shred of a possibility that they could reach the base, or worse, get off planet, they had to be eliminated.
That consideration had been unstated, and it was also one of the reasons that the tech wasn’t sure he would survive the mission. The “official” reason for the search was simply to rescue the survivors. But the composition of the team made it much more likely that the real reason was to eliminate a threat. Dara was the governor’s official bully-boy. Any minor “problem” that could be fixed with a little muscle or a discreetly disappearing body tended to get handed to the team leader. Otherwise, he was pretty useless. As demonstrated by his inability to see what was right in front of his eyes.
The rest of the team was cut from the same cloth. All fourteen of them—there’d been seventeen . . . before the local fauna got a shot at them on the trek here—were from the locally hired “guard” force, and all were wanted on one planet or another. Aware that maintaining forces on Class Three planets was difficult, at best, the distant Imperial capital allowed local governors wide latitude in the choice of personnel. Governor Brown had, by and large, hired what were still known as “Schultzes,” guards who could be trusted to see, do, and hear nothing. Still, there were those special occasions when a real problem cropped up. And to deal with those problems, he had secured a “special reaction force” composed of what could graciously be called “scum.” If, of course, one wanted to insult scum.
Jin was well aware that he was not an “official” member of the Special Force. As such, this mission might be a test for entry, and in many ways, that could be a good thing. Unfortunately, even if it was an entry test, there was still one huge issue associated with the mission: It might involve fighting the Marines. He had several reasons, not the least of which was the likelihood of being blasted into plasma, to not want to fight Marines, but the mission had been angling steadily that way.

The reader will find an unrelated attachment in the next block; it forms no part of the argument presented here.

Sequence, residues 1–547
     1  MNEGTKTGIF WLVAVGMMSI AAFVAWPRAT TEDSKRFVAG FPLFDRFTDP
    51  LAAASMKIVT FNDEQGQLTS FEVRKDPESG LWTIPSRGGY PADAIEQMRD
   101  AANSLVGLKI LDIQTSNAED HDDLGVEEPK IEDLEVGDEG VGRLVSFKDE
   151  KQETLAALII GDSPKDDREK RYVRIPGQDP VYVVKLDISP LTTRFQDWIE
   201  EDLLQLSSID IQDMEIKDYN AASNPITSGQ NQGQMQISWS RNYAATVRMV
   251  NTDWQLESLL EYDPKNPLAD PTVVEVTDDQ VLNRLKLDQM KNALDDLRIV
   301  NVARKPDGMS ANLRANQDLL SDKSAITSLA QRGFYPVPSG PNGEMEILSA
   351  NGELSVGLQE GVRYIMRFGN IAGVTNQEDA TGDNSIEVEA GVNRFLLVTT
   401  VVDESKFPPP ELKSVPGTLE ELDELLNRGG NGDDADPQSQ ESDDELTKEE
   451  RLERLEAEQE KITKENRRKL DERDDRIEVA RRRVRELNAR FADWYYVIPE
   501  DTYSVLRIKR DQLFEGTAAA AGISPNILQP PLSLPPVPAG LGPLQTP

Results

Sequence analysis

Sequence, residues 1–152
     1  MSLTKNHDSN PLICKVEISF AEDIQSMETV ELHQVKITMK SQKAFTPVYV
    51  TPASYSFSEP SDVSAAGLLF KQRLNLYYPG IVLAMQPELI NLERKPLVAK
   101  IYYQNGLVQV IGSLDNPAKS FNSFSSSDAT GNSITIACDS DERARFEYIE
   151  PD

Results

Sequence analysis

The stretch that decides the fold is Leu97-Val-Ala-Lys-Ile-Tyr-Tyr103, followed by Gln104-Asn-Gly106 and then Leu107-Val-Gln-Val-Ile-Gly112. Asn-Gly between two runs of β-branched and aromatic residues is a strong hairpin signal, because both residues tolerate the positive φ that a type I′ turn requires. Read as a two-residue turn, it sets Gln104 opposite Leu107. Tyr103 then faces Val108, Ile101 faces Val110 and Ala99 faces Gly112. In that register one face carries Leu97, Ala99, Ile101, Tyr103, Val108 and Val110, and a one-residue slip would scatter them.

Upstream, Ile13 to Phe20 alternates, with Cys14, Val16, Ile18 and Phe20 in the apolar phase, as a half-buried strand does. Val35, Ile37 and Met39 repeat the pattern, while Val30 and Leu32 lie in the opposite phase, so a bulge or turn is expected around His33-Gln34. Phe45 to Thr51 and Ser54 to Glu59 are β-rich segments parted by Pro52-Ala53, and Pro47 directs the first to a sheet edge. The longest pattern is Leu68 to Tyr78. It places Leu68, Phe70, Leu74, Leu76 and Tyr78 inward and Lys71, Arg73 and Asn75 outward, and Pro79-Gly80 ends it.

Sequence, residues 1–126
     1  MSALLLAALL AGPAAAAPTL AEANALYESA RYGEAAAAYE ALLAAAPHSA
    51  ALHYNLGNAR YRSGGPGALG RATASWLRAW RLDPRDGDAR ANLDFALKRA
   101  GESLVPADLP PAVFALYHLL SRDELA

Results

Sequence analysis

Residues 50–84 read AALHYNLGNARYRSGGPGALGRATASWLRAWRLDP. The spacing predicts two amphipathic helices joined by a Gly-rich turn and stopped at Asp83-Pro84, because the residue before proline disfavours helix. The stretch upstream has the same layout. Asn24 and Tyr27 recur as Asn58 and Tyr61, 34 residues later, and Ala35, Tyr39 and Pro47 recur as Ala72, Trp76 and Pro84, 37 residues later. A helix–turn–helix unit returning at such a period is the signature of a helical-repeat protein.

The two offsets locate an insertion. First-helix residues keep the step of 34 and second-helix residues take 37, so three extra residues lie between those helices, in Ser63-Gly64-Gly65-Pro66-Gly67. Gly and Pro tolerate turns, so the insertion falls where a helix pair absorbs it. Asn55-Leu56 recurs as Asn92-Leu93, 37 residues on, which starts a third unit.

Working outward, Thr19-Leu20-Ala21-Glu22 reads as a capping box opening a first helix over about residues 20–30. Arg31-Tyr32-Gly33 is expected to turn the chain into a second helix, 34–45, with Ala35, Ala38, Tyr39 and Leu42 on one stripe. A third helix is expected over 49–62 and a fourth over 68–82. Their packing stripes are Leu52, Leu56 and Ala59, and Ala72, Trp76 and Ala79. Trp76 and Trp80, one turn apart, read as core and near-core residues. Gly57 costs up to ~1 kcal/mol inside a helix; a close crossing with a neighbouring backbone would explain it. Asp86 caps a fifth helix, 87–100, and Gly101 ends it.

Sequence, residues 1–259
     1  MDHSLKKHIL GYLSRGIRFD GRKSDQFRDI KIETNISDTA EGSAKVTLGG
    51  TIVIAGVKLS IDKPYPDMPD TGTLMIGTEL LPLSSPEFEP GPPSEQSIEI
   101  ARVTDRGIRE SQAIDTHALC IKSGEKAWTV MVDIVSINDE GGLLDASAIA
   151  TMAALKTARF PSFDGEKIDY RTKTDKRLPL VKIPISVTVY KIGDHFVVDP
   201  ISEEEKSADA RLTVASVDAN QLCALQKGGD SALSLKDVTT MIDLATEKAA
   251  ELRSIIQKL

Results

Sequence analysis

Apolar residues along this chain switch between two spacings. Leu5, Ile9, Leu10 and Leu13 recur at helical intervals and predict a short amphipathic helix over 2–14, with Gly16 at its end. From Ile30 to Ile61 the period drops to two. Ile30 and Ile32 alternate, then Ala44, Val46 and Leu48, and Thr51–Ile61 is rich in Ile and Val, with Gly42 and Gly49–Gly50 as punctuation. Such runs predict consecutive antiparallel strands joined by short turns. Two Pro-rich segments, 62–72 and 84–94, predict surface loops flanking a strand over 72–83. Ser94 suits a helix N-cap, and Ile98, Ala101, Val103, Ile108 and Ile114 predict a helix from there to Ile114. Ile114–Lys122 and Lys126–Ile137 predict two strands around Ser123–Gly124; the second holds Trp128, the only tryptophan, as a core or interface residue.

Now, however, it seemed all his worry had been for naught. The last of the Marines had died here, in this lonely outpost, overrun by barbarians before their friendly “civilized” supporters could arrive to save them!
Sure they did, he thought, and snorted mentally. Either they wandered off and these guys are covering for them . . . or else the locals finished them off themselves and are graciously willing to give these “Kranolta” the credit. The only problem at this point is figuring out which.
“Alas,” the local said yet again. He seemed remarkably fond of that word, Jin thought cynically as Targ gestured in the direction of the distant jungle somewhere outside the tomb. “The Kranolta took all their equipment with them. There was nothing left for us to give to their friends. That is, to you.”
And you can believe as much or as little of that as you like,
Jin thought. But the answer left a glaring hole he had to plug. And hope his efforts never came to light.
“The scummy says the barbs threw all the gear into the river,” he mistranslated.
“Poth!” Dara snarled. “That means it’s all trashed.
we can’t trace the power packs! Even trashed, we could’ve gotten something for them.”
What an imbecile,
Jin thought. Dara must have been hiding behind the door when brains were given out.
When a body is looted, the looters very rarely take
of clothing. Nor was that the only peculiarity. There was one clinging bit of skin on the corpse before him which had clearly been cut away in an oval, as if to remove a tattoo after the person was dead . . . and there were no weapons or even bits of weapons anywhere in sight. For that matter, the entire battle site had been meticulously picked over to remove every trace of evidence. Some of the scars from plasma gun fire had even been covered up. The barbarians, according to the locals’ time line, could not possibly have swept the battlefield that well, no matter how addicted to trophy-taking they might be, before the “civilized” locals arrived to finish driving them off.